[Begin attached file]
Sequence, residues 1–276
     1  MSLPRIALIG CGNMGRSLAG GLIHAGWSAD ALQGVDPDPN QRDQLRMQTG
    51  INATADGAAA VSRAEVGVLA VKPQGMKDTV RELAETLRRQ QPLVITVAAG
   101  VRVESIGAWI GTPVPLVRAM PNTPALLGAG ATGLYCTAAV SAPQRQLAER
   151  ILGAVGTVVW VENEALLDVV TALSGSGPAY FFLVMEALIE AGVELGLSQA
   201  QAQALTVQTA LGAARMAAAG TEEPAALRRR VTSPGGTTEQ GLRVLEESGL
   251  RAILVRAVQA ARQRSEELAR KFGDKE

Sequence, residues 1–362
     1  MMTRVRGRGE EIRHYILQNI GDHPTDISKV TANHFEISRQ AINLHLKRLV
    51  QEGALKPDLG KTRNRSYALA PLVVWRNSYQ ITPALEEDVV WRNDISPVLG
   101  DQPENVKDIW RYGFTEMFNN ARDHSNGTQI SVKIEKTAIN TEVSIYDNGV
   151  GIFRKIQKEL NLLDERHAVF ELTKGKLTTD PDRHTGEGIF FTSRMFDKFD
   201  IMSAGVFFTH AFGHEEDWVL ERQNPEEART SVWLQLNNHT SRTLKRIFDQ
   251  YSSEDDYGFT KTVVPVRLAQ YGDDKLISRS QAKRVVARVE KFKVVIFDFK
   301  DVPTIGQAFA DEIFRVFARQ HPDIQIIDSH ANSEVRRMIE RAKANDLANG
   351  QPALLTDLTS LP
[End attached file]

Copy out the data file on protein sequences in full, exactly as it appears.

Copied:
Sequence, residues 1–276
     1  MSLPRIALIG CGNMGRSLAG GLIHAGWSAD ALQGVDPDPN QRDQLRMQTG
    51  INATADGAAA VSRAEVGVLA VKPQGMKDTV RELAETLRRQ QPLVITVAAG
   101  VRVESIGAWI GTPVPLVRAM PNTPALLGAG ATGLYCTAAV SAPQRQLAER
   151  ILGAVGTVVW VENEALLDVV TALSGSGPAY FFLVMEALIE AGVELGLSQA
   201  QAQALTVQTA LGAARMAAAG TEEPAALRRR VTSPGGTTEQ GLRVLEESGL
   251  RAILVRAVQA ARQRSEELAR KFGDKE

Sequence, residues 1–362
     1  MMTRVRGRGE EIRHYILQNI GDHPTDISKV TANHFEISRQ AINLHLKRLV
    51  QEGALKPDLG KTRNRSYALA PLVVWRNSYQ ITPALEEDVV WRNDISPVLG
   101  DQPENVKDIW RYGFTEMFNN ARDHSNGTQI SVKIEKTAIN TEVSIYDNGV
   151  GIFRKIQKEL NLLDERHAVF ELTKGKLTTD PDRHTGEGIF FTSRMFDKFD
   201  IMSAGVFFTH AFGHEEDWVL ERQNPEEART SVWLQLNNHT SRTLKRIFDQ
   251  YSSEDDYGFT KTVVPVRLAQ YGDDKLISRS QAKRVVARVE KFKVVIFDFK
   301  DVPTIGQAFA DEIFRVFARQ HPDIQIIDSH ANSEVRRMIE RAKANDLANG
   351  QPALLTDLTS LP